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A good telescope will help you zoom in on other planets and stars in our solar system. When it comes to buying one, there's not only a lot to consider (cost, aperture, lens, distance, etc.), but also a lot of information to digest. And you want to ensure the telescope doesn't take up too much space in your home.
Here’s what you need to know to get started: Telescopes collect light from the night sky through a lens or mirror; the larger its diameter—or aperture—measured in millimeters, the more you can see.
Magnification really isn’t the primary measurement to consider in your first telescope; instead, look for a large, light gobbling aperture and long focal length—that's the distance measured in millimeters from the lens or mirror to the point where the telescope is in focus. Magnification and field of view is determined by the eyepiece, and your telescope will come with one or more interchangeable eyepieces adding power or increasing field of view.
Consider the age and abilities of your child and if they are primarily interested in stargazing, or observing planets and the moon. Computerized telescopes make night sky viewing easy for beginners while a telescope with smartphone capabilities that take great photos may make a perfect gift for a teen. Your child can always graduate to more high tech options after starting with a beginner-friendly or toy option.
Here are the best telescopes for kids.
Best Overall : Gskyer AZ Astronomical Refractor Telescope
Dimensions: 24.8 x 4.92 x 8.46 inches | Weight: 5.64 pounds | Focal length: 15.74 inches | Aperture: 2.75 inches
Easy to assemble
Poor quality tripod
Gskyer's AZ Astronomical Refractor Telescope has a cult-following on Amazon and is a bestseller for a reason. The 2.74 in-aperture glass lens collects a ton of light, and a 15.74 in focal length widens the field of view enough to enjoy lunar and planetary viewing. The kit includes two eyepieces, an aluminum alloy tripod, a convenient carry bag, and a phone attachment with a Bluetooth remote for taking beautiful photos while scanning the sky.
Best Budget: Emarth Double Eyepieces Refractor Telescope
Dimensions: 18.07 x 8.74 x 4.41 inches | Weight: 2.47 pounds | Focal length: 14.17 inches | Aperture: 2.76 inches
Great for observing the moon
Can be difficult to align lens
This kid-friendly telescope won't break the bank, but will still produce some beautiful images of celestial objects for viewing and learning for the whole family. The fully coated optical glass is perfect for crisp views of the moon and stars, but a higher aperture may be necessary for observing other planets or deep space objects.
The sturdy tripod, easy setup, and informational manual makes this a perfect budget-friendly beginner telescope. The adjustable tripod will grow with you, whether buying for a tween or adult amateur astronomer.
Best for Young Kids : Celestron StarSense Explorer DX 102AZ Smartphone App-Enabled Telescope
Dimensions: 39 x 17 x 9 inches | Weight: 14.2 pounds | Focal length: 26 inches | Aperture: 4 inches
Easy to assemble
High quality optics
Families with children not yet tween or teen ages should opt for a telescope that prioritizes ease and simplicity. The Celestron StarSense Explorer DX 102AZ is easy to mount and has a very sturdy tripod, perfect for little hands, and the high aperture ensures high quality views of the night sky.
The best part of this option is the included smartphone app which assists you in finding every visible object in the sky. Your iPhone or Android will give you a guided tour with arrows to locate different stars and planets for a great bonding experience for the whole family. Keep the telescope set up in your living space for a celestial touch to your decor.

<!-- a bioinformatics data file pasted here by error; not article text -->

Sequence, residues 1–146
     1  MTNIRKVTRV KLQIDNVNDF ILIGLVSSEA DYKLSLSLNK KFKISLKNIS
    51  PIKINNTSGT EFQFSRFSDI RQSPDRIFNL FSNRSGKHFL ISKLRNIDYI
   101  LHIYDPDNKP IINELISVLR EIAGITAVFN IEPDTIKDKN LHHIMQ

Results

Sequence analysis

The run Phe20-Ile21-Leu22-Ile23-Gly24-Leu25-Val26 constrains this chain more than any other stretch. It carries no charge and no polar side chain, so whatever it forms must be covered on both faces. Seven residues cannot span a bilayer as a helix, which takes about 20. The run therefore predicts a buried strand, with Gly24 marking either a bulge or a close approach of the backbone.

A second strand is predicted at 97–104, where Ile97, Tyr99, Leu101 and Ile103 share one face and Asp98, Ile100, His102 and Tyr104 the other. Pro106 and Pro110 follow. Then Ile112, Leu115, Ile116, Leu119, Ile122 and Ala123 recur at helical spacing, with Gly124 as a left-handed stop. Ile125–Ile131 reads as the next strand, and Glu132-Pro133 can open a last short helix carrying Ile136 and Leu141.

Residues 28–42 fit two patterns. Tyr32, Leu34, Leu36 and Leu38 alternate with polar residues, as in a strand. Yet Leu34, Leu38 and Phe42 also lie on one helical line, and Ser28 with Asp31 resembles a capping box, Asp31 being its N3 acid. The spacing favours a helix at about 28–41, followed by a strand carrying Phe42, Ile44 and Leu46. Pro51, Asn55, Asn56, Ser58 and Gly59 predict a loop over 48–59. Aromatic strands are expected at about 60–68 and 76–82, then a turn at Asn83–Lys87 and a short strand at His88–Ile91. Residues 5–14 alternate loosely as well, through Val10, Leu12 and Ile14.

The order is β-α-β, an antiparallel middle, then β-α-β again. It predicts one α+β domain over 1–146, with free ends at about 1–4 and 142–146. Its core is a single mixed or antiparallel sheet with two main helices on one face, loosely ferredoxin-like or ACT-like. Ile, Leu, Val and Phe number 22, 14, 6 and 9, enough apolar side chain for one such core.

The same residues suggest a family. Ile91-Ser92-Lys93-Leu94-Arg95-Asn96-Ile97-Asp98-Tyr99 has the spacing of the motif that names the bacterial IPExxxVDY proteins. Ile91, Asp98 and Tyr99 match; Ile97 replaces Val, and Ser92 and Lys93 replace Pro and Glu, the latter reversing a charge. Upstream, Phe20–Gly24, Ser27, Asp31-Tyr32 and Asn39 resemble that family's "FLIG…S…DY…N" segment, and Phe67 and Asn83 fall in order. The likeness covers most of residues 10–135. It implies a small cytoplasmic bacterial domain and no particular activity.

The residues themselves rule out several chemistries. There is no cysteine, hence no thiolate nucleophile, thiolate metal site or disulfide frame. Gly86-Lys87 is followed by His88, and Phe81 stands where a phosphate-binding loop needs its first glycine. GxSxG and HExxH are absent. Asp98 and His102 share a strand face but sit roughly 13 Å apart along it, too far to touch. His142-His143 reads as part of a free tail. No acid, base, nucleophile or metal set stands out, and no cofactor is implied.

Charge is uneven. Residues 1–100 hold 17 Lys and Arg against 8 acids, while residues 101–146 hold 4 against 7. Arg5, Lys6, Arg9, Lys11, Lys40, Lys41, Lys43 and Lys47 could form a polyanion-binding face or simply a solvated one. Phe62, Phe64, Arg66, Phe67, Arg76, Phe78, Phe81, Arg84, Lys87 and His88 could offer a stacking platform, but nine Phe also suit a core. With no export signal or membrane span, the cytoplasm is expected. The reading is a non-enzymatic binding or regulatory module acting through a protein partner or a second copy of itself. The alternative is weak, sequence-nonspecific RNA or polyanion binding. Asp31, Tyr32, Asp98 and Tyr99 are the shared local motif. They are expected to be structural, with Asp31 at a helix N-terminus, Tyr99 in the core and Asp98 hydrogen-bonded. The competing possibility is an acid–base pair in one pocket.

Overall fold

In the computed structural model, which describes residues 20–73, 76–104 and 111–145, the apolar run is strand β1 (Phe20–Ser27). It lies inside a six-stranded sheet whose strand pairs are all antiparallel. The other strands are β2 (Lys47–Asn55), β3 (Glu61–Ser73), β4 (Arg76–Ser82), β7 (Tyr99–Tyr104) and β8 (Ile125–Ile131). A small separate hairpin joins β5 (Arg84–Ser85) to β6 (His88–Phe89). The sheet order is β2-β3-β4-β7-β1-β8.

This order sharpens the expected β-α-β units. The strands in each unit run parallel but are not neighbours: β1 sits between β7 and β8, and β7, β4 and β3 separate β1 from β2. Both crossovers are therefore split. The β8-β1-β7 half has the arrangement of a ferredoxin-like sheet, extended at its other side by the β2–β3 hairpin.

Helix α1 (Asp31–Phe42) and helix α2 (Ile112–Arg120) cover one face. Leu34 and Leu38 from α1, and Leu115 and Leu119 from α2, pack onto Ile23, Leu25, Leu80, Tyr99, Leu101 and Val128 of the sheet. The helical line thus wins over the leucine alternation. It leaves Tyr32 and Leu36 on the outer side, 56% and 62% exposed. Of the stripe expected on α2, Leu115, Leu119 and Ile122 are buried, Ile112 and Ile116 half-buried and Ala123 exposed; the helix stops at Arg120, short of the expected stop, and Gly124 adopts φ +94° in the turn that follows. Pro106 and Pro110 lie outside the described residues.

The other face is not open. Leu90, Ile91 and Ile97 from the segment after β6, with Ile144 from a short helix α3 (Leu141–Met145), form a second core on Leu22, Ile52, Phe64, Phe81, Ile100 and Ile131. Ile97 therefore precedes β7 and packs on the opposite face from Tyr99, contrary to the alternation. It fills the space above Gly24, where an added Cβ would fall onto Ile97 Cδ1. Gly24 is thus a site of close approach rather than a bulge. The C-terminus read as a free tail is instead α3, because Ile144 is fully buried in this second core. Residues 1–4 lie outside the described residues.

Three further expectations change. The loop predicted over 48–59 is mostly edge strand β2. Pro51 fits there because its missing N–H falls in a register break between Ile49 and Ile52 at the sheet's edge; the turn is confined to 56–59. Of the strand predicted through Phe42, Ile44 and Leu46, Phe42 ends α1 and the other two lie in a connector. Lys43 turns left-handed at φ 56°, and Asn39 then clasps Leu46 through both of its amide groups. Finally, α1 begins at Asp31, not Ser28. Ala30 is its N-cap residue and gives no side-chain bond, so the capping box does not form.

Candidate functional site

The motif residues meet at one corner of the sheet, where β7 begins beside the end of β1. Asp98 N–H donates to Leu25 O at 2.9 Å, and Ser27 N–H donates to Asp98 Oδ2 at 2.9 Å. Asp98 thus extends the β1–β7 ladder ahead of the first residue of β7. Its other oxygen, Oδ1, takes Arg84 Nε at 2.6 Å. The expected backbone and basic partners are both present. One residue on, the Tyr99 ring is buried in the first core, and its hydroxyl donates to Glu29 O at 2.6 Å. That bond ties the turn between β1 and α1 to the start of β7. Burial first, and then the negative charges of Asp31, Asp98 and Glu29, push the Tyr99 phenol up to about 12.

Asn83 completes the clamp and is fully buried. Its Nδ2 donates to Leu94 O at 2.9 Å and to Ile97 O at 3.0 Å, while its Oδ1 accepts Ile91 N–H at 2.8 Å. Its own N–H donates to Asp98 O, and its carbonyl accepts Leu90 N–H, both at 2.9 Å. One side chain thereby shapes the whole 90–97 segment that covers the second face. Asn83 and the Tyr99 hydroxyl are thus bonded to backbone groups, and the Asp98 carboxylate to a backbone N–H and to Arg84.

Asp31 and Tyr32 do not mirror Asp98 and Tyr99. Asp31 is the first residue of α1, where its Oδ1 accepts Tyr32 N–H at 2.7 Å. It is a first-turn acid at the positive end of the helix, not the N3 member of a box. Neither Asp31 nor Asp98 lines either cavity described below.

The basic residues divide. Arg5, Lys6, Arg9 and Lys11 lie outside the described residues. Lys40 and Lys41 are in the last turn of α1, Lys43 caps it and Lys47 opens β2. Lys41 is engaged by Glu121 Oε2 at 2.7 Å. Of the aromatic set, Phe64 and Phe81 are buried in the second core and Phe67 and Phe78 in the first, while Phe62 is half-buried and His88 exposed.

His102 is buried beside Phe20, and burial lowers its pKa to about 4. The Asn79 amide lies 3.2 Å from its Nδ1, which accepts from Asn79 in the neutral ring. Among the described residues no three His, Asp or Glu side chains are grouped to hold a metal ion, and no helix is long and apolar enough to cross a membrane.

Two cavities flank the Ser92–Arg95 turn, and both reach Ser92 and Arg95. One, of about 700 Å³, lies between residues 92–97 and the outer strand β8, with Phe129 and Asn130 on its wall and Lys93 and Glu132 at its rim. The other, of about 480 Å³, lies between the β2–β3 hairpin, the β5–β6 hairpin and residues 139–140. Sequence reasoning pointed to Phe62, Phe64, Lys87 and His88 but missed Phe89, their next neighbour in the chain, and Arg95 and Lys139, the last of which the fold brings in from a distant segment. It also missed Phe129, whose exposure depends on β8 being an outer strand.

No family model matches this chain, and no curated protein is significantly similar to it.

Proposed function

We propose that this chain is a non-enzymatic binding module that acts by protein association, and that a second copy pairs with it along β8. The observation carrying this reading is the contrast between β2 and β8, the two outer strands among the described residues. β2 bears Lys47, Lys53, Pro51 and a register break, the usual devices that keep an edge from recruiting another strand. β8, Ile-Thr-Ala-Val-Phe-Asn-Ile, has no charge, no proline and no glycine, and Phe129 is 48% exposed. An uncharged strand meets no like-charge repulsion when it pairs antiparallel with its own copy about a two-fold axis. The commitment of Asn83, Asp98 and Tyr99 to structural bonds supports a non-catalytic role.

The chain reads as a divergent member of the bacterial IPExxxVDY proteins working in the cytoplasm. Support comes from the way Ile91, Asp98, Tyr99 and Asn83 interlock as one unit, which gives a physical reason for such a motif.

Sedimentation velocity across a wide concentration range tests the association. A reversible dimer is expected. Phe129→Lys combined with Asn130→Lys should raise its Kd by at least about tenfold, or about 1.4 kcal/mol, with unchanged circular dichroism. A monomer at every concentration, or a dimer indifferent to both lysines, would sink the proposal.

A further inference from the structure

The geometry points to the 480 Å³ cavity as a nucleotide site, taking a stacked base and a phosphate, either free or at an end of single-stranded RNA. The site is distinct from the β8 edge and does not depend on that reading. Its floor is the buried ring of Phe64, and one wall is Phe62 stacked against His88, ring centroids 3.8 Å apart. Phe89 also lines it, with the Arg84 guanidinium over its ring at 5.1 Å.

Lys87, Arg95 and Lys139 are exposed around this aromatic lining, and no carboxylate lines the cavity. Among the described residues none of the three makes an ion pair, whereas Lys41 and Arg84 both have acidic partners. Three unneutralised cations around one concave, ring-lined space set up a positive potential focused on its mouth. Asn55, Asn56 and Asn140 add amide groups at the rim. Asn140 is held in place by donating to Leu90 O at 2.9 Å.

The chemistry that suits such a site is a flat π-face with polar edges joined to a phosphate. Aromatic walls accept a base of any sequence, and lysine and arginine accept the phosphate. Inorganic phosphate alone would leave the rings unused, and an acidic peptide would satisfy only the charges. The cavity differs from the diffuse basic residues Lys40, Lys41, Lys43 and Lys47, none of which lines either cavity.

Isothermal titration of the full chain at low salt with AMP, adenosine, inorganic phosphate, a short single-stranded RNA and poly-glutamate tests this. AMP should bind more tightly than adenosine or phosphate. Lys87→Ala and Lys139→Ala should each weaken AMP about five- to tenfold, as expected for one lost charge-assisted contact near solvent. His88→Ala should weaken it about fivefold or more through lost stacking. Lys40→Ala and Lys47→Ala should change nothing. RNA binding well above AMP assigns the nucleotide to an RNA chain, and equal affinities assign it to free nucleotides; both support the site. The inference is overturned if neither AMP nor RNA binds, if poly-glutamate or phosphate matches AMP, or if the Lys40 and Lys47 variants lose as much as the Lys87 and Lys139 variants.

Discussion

Best Toy Telescope : Educational Insights GeoSafari Jr. Talking Telescope Toy
Dimensions: 9 x 14.9 x 7 inches | Weight: 1.8 pounds | Focal length: Not Applicable | Aperture: Not Applicable
Suitable for young kids
Not a functional telescope
If your little one is not quite ready for a high-tech telescope that will cost more and take up more space in the living room, start with a toy telescope to get them interested in astronomy and learning about the world around them. Kids ages 4 and up look into the brightly colored telescope and see beautiful high-resolution images right from NASA with this science-based toy.
This interactive toy features the voice of Emily Calandrelli, the star of Netflix's show Emily's Wonder Lab, who shares over 200 fun facts about space in four different languages. With just three batteries, young ones can spends hour learning and observing beyond our atmosphere before they are ready for the real thing.
Best for Stargazing: Celestron AstroMaster 70AZ LT Refractor Telescope
Dimensions: 36 x 36 x 62.5 inches | Weight: 13.4 pounds | Focal length: Not Listed | Aperture: 2.75 inches
No tools needed for setup
Tripod can be hard to stabilize
The Celestron AstroMaster 70AZ Refractor Telescope is the perfect option for those looking to get into astronomy by observing planets and stars around them. With a 2.75 inch aperture and fully coated glass optics, this telescope produces clear, high-quality images of nearby stars, but may not be the best for observing deep space objects.
Still, this choice comes with a tripod for stabilizing, a pan handle control for smooth and accurate pointing, and an accessory tray for storing any small parts or tools. This portable and easy-to-set-up telescope will make a great gift for the person in your life wanting to explore the night sky for the first time before graduating to a higher aperture option.
Best for Photos: Celestron Inspire 100AZ Refractor Smartphone Adapter Built-in Refracting Telescope
Dimensions: 38 x 33 x 52 inches | Weight: 20 pounds | Focal length: 25.98 inches | Aperture: 3.94 inches
Great for beginners
It took five years for Juno to reach Jupiter and tweet that incredible picture, but with Celestron’s Inspire 100AZ refractor telescope you can easily snap photos of the planet’s Great Red Spot from your own backyard and post them to social media. Just attach your smartphone to the telescope’s lens mount to take photos through an integrated imaging port.